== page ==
David Baulcombe: “I still see genetic regulation as a big challenge that can inform all areas of biology.”

From siRNA to crop biotech: Sir David Baulcombe, who will be awarded the 2021 Sir Hans Krebs medal from FEBS at the 45th FEBS Congress, introduces his research area through a brief Q&A.
David Baulcombe: “I still see genetic regulation as a big challenge that can inform all areas of biology.”

Prof. Sir David Baulcombe’s research spans small regulatory RNA, epigenetics and the mechanisms of disease resistance in plants. After receiving a BSc degree in botany from the University of Leeds and a PhD from the University of Edinburgh, UK, he was a postdoctoral fellow at McGill University and at the University of Georgia, USA. On returning to the UK, he joined the Plant Breeding Institute (PBI) in Cambridge and started his career as an independent scientist. In 1988 he joined the Sainsbury Laboratory, Norwich and was appointed as Professor at the University of East Anglia, and in 2007 he became the Professor of Botany at Cambridge University. He serves on several committees and study sections, was President of the Biochemical Society, and was elected a Member of EMBO, Fellow of the Royal Society and Foreign Associate Member of the US National Academy of Sciences. He has received several distinctions and awards including the Wolf Prize for Agriculture and he shared the Lasker Award for Basic Biomedical Science. Photo: D. Baulcombe at the Edinburgh Botanic Garden.

What drew you to your research field?

My undergraduate tutor said that I should choose a PhD research question aimed at the most important question that I could answer. I was just reading papers by Britten and Davidson and by Jacob and Monod and it seemed to me that understanding genetic regulation in eukaryotes was this big question because the answers would shed light on many areas of biology. My undergraduate degree was in Botany and so I stayed with plants. I thought that it would not matter which type of organism I used because the important features of regulatory mechanisms would be common to plants and animals – and so it has turned out.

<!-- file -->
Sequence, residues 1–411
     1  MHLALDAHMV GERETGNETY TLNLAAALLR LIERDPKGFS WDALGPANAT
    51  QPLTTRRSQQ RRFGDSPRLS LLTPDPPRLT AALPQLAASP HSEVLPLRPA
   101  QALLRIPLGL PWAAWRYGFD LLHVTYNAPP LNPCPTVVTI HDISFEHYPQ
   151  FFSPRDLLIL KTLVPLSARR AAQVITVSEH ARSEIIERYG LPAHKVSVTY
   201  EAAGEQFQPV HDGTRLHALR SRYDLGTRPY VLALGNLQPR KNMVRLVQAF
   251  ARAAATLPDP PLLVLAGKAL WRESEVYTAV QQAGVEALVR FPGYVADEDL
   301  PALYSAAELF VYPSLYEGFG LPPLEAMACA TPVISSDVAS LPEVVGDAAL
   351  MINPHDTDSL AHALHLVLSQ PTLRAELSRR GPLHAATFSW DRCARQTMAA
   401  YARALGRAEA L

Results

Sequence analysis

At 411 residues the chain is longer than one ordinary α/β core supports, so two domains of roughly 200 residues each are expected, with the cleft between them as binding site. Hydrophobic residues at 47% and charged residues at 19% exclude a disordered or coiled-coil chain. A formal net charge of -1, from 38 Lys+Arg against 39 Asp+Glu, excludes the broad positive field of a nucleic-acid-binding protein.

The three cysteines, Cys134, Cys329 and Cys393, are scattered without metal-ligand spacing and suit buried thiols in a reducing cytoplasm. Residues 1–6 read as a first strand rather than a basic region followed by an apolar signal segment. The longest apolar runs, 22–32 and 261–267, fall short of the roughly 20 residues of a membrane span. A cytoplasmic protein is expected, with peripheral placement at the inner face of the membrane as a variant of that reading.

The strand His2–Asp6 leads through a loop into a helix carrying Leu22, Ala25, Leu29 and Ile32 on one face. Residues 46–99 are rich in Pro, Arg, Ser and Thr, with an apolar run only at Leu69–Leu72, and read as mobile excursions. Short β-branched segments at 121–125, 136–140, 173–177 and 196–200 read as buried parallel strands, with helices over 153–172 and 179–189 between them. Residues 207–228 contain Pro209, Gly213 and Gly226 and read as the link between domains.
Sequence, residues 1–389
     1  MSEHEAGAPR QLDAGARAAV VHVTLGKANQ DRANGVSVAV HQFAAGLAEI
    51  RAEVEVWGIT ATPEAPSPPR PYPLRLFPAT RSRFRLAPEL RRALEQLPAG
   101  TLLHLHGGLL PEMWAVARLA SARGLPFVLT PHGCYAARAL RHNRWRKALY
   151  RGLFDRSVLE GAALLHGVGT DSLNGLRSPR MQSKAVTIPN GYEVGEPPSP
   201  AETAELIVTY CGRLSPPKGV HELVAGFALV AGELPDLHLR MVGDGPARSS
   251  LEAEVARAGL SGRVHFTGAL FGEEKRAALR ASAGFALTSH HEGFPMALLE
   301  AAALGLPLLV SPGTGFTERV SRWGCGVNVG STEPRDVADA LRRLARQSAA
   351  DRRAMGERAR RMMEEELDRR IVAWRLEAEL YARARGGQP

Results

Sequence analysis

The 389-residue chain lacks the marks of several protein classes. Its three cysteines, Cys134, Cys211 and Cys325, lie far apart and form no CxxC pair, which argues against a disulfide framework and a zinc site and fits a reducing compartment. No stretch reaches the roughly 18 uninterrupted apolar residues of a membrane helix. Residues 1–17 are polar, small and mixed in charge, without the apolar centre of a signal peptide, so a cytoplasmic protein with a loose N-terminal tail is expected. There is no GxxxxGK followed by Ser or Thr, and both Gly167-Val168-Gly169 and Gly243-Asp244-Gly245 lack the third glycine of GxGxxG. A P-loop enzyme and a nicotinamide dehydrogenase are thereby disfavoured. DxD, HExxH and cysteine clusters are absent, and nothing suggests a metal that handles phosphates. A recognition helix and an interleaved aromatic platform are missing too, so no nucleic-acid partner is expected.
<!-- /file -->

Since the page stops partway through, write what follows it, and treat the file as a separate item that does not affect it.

What do you see as the most important development in your field in recent years?

Genome editing will be huge. There are still some technical barriers to overcome but I think the targeted enhancement of crops by simultaneous editing of tens or even hundreds of loci is a very real prospect. We will be able to accelerate the improvement of orphan crops so that global agriculture is more diverse than at present with lower environmental impact. I think genome editing will have bigger impact in plants than in animals.

Tell us about your favourite published papers from your lab

The top one has to be the description of small silencing RNA with Andrew Hamilton as first author. We knew that there had to be an antisense RNA as the specificity determinant of an RNA-based silencing mechanism and eventually we found it at the bottom of the gel – it was smaller than we thought it would be1. This RNA is now known as small interfering RNA.

Another favourite paper is one with Louise Jones as first author in which we describe how an RNA virus can target heritable epigenetic modification of a plant gene. The target gene was a GFP transgene and the virus was modified to carry part of the transgene promoter. We were not surprised that GFP was silenced in the infected plant but we did not know whether the transgene would remain silent in the progeny. It did and through several generations. These experiments were my introduction to epigenetics and they provide one of the best examples of an induced epigenetic change that persists from one generation to the next2.

One other favourite paper, with Garry Farnham, was investigating artificial evolution of a disease resistance gene from potato. We could change the specificity of this gene so that it conferred a broader spectrum resistance than its unmodified progenito3. I think the potential of this approach has not been fully explored and, with genome editing (see above), there are many opportunities to evolve useful disease resistance for use in crop protection.